I didn't want to rent a car because it would be a major expense and it would be sitting around for most of the trip while I was off fishing. Moreover, I wanted to take the train in at least one direction. Steve, Ben and Tony (more formal introductions below) worked out my transportation between them. Steve picked me up in Christchurch and, after my last day fishing with him, drove me up to Arthurs pass where Tony picked me up and drove me to Ben's for the second half of the trip. After my last day fishing with Ben, he drove me into Greymouth where I caught the train back to Christchurch. This way I also didn't have to worry about driving on the "wrong side of the road." I was good and almost never screamed when the guides turned into the left lanes with oncoming traffic. The biggest problem was that I kept trying to get in the driver side door.
The entire trip, everything, was booked through the internet and all communications were email except for faxing my credit card info to Steve. Ben uses PayPal.
The people that I met in New Zealand were universally friendly, kind, and charming. Their accent is delightful, but a bit difficult to understand in casual conversation. They speak quickly and don't always articulate the last syllable of their words. When you do understand what they said, you don't know why they said it. A common expression is to "rattle your dags". It is actually Australian, but New Zealanders use it informally and it means to hurry up. The rear end of sheep gets pretty crusty and these are called dags. When they run, they make a rattling noise. I did notice that people started to speak to me very carefully and very slowly.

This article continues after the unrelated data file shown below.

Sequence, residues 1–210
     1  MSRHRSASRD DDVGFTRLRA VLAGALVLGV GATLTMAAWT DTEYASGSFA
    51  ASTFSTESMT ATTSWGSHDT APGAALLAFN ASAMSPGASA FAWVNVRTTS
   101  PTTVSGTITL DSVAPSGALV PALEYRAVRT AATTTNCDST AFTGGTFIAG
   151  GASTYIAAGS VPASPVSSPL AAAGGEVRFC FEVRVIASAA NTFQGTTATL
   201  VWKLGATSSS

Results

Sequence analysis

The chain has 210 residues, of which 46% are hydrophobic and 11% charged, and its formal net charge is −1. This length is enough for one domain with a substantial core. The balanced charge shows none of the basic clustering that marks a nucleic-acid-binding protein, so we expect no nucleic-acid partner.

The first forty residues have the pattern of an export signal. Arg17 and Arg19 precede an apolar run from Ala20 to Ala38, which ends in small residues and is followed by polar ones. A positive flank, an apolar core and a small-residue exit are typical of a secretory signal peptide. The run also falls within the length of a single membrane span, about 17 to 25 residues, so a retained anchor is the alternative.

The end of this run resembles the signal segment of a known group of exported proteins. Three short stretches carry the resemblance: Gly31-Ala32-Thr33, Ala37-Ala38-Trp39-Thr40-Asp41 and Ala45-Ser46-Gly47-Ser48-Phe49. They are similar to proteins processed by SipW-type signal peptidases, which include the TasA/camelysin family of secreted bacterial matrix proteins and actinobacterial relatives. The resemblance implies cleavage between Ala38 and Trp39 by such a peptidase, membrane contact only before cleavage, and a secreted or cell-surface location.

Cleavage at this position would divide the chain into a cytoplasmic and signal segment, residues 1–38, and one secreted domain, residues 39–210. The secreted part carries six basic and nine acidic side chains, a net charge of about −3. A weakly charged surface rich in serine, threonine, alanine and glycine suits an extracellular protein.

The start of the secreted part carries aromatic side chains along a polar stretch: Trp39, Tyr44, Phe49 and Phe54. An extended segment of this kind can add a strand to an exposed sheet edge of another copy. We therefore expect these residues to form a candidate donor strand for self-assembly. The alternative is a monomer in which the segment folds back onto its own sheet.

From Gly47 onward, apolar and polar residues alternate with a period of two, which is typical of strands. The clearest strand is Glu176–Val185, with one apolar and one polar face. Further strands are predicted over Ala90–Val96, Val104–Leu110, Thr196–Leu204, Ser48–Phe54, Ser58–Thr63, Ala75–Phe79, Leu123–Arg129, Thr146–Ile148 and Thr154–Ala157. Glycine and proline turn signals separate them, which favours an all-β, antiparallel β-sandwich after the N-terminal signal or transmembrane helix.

Ben's site has lots of excellent information about equipment. You will want your 6wt and 5wt rods. I also brought and fished with my 4wt. I took my vest and all of the stuff in it. Fishing equipment is very expensive in New Zealand so take what you will need with you. You will want 9-foot 1x and 2x leaders and 3x and 4x tippet. Take a lot of tippet as you will be fishing 16' - 18' leader + tippet and it gets used up fast. I did not take any flies, which worked out fine as the guides like to use their own flies. Parachute Adams and Caddis were familiar. Their other flies were all a little different and bigger than what I normally use.
When they tell you neutral colors for clothing, they mean everything should be gray, like wet putty. Maybe a little gray-green. They also recommend poly long underwear with shorts over. I never did this and only one of the guides wore this combination. First, you are hiking through pastures and because you are pushing through thorn bushes, the underwear gets ripped. Second, it gets hot. I fished either in quick-dry pants or, when it was cool, waders. I got a great buy on some Cabella's quick-dry zip-leg overalls that were featured on their website just before I left.